Every time I visit a fishing community, I find myself nervous and excited. It is not easy to approach people you have never met before and ask for something as intimate as their fishing stories. But, if you overcome the initial shyness, you might meet some of the most interesting people in your life. When old fishers open up, you get to step inside their world for a few minutes or maybe hours. Through their stories, you get to enjoy different landscapes that stood right where you are standing. River mouths that cease to exist, small communities that grew to become cities, and an abundance of marine resources that younger generations have never witnessed.
How do you find experienced fishers? The ones with the best anecdotes and tons of knowledge? Well, you just have to ask. Most fishers I have met live in close-knitted communities, they know each other, and they can easily tell you who you are looking for.
In places like Campeche, Mexico, where sharks and rays have been fished for hundreds of years, most fishers have a lot to tell you about these animals. From their favourite species to eat to their favourite species to look at, because, who says shark and ray fishers cannot appreciate their beauty?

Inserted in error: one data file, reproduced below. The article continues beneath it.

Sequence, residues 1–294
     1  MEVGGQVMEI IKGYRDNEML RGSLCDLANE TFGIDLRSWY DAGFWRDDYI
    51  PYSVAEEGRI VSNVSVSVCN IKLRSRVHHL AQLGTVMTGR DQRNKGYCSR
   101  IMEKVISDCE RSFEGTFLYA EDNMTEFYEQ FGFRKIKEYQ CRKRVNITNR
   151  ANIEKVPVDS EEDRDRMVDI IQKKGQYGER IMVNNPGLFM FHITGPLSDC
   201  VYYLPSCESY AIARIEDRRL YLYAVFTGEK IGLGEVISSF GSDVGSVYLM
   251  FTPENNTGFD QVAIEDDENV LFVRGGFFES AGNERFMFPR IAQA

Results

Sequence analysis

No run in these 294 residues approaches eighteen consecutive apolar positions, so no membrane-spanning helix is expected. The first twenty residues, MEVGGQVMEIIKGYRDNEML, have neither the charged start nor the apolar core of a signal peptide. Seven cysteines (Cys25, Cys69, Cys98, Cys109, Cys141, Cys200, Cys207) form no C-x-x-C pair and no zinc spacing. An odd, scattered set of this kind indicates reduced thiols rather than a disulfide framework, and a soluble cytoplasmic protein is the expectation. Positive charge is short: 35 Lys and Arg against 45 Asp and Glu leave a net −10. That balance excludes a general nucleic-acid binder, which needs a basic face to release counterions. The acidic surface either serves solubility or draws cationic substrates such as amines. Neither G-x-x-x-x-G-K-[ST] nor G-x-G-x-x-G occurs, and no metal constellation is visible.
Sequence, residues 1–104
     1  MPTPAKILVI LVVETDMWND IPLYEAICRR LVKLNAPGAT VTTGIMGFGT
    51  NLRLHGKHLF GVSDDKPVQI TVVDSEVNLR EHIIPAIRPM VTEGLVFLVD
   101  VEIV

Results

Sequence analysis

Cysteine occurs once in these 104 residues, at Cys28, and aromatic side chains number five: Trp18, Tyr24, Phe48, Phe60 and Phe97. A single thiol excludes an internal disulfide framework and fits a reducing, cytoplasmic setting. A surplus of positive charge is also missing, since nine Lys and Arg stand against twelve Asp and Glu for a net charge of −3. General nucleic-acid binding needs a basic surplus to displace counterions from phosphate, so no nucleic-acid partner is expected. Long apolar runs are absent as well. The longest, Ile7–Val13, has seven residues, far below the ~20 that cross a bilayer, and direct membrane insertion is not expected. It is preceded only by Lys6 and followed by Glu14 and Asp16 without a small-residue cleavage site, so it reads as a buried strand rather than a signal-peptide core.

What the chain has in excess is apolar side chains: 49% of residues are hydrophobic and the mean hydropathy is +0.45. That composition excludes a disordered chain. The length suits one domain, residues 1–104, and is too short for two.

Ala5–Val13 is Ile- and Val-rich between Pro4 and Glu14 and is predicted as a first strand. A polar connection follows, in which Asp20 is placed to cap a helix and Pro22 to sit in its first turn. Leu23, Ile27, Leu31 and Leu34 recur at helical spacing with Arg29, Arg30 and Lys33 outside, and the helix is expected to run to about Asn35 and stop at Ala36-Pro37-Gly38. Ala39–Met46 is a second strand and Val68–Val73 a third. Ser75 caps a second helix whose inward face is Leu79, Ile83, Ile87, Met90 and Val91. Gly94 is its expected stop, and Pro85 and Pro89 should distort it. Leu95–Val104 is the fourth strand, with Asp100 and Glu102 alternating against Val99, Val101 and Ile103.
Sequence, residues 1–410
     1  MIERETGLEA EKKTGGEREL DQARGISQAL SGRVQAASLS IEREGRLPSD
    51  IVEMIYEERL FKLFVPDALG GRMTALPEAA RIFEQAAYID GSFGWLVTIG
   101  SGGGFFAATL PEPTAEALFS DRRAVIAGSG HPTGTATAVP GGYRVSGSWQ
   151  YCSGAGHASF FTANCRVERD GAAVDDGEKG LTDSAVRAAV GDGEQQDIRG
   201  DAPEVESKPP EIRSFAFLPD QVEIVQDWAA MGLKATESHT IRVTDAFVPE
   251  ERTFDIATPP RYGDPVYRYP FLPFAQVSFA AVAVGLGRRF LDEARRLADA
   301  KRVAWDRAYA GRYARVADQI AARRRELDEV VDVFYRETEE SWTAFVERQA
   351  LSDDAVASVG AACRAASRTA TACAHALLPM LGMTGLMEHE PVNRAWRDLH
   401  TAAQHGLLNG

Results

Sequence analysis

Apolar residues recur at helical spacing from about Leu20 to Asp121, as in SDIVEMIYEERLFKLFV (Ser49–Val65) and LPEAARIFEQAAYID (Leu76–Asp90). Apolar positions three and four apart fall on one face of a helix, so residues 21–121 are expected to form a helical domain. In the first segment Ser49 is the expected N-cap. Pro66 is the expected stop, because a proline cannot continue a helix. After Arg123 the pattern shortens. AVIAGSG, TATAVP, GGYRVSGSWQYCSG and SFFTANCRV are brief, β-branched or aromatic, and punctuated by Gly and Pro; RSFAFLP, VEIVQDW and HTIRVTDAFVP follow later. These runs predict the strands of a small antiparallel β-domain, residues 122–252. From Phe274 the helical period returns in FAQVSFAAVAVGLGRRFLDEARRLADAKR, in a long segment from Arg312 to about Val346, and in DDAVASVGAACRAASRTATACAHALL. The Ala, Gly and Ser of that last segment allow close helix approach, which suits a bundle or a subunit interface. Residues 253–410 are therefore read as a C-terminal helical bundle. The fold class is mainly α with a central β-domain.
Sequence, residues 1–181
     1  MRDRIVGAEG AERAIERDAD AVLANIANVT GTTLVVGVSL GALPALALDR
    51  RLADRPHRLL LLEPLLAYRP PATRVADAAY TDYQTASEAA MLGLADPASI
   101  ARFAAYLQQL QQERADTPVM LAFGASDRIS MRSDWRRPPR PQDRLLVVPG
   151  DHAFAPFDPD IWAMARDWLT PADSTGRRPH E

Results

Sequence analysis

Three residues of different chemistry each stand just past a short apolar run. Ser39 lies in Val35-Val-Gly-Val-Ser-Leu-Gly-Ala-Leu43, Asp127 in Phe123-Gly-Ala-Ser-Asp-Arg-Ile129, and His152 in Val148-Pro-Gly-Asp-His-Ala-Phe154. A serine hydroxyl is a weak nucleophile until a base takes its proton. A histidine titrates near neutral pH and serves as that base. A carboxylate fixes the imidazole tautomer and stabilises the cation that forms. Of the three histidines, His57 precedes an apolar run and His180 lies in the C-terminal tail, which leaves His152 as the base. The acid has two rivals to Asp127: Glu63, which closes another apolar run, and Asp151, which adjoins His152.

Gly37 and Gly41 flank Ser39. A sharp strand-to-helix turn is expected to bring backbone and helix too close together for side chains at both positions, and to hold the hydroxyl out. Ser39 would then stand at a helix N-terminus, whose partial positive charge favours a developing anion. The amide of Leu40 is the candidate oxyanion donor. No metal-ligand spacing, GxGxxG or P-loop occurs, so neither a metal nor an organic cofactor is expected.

So, you finally found the legendary fisher who everybody keeps telling you about. Now, what? Well, you introduce yourself and tell them about your research and what do you plan to do with the information they share with you. This last part is really important if you want to build good relationships with fishing communities.
If everything goes according to plan, get ready, you are going to step back in history and learn so much about fishing and its changes. The different shark and ray species in the area, the species that are dangerous to fish (which may be illustrated by pointing at some scars), and hear a lot of personal anecdotes. You may also learn about species that have decreased or disappeared over time, and witness how fishers are the first to feel saddened by the decrease in shark and ray numbers.
By the end of the day, you might realize that fishers are not the enemy, but they can certainly be some of the most important allies for shark and ray conservation.